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Title: High-performance tsunami modelling with modern GPU technology
Author: Amouzgar, Reza
ISNI:       0000 0004 6499 6775
Awarding Body: Newcastle University
Current Institution: University of Newcastle upon Tyne
Date of Award: 2017
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Earthquake-induced tsunamis commonly propagate in the deep ocean as long waves and develop into sharp-fronted surges moving rapidly coastward, which may be effectively simulated by hydrodynamic models solving the nonlinear shallow water equations (SWEs). Tsunamis can cause substantial economic and human losses, which could be mitigated through early warning systems given efficient and accurate modelling. Most existing tsunami models require long simulation times for real-world applications. This thesis presents a graphics processing unit (GPU) accelerated finite volume hydrodynamic model using the compute unified device architecture (CUDA) for computationally efficient tsunami simulations. Compared with a standard PC, the model is able to reduce run-time by a factor of > 40. The validated model is used to reproduce the 2011 Japan tsunami. Two source models were tested, one based on tsunami waveform inversion and another using deep-ocean tsunameters. Vertical sea surface displacement is computed by the Okada model, assuming instantaneous sea-floor deformation. Both source models can reproduce the wave propagation at offshore and nearshore gauges, but the tsunameter-based model better simulates the first wave amplitude. Effects of grid resolutions between 450-3600 m, slope limiters, and numerical accuracy are also investigated for the simulation of the 2011 Japan tsunami. Grid resolutions of 1-2 km perform well with a proper limiter; the Sweby limiter is optimal for coarser resolutions, recovers wave peaks better than minmod, and is more numerically stable than Superbee. One hour of tsunami propagation can be predicted in < 1 minute using 1350 m or coarser resolutions. Run-time is reduced by > 50 times on a regular low-cost PC-hosted GPU, compared to a single CPU. For 450 m resolution on a larger-memory server-hosted GPU, performance increased by ~70 times. Finally, two adaptive mesh refinement (AMR) techniques including simplified dynamic adaptive grids on CPU and a static adaptive grid on GPU are introduced to provide multi-scale simulations. Both can reduce run-time by ~3 times while maintaining acceptable accuracy. The proposed computationally-efficient tsunami model is expected to provide a new practical tool for tsunami modelling for different purposes, including real-time warning, evacuation planning, risk management and city planning.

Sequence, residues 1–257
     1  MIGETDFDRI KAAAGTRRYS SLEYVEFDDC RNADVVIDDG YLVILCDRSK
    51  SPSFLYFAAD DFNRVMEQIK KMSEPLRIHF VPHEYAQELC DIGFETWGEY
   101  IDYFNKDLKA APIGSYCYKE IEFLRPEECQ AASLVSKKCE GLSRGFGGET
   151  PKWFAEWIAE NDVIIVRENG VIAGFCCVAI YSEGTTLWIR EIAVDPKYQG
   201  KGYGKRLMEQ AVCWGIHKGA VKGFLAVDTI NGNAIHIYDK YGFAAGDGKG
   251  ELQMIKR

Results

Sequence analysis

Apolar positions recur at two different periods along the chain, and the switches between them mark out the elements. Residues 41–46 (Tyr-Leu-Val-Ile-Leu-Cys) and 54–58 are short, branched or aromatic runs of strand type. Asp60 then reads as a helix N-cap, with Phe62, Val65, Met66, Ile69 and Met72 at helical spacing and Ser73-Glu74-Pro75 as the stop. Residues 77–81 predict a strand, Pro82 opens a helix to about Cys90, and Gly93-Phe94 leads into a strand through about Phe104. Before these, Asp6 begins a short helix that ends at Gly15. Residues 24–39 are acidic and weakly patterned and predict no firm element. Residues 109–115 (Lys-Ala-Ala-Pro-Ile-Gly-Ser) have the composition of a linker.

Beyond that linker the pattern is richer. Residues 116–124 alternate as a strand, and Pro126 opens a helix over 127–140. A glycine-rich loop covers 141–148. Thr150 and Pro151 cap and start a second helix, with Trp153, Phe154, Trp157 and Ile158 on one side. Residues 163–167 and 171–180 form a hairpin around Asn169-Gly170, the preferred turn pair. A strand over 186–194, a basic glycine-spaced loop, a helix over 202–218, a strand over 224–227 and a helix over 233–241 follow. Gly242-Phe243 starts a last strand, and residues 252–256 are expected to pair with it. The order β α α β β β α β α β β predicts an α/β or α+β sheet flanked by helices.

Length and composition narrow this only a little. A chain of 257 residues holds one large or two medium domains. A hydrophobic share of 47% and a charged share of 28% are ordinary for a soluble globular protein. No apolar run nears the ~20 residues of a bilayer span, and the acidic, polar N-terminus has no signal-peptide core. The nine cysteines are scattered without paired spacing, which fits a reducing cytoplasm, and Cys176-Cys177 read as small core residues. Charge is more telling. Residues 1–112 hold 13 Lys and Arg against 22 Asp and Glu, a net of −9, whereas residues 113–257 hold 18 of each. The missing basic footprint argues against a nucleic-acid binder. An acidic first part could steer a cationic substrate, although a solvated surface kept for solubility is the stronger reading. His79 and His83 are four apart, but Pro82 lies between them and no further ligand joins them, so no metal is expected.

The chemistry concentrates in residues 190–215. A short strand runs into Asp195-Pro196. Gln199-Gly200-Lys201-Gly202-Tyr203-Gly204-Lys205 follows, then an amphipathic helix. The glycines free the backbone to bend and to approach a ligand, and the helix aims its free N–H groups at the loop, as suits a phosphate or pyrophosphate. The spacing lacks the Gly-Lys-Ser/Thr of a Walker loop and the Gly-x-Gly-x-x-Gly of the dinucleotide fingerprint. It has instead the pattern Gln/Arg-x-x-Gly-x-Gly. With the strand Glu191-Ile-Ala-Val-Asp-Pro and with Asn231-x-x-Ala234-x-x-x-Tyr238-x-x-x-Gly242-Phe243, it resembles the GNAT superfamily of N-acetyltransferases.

Supervisor: Not available Sponsor: Not available
Qualification Name: Thesis (Ph.D.) Qualification Level: Doctoral
EThOS ID:  DOI: Not available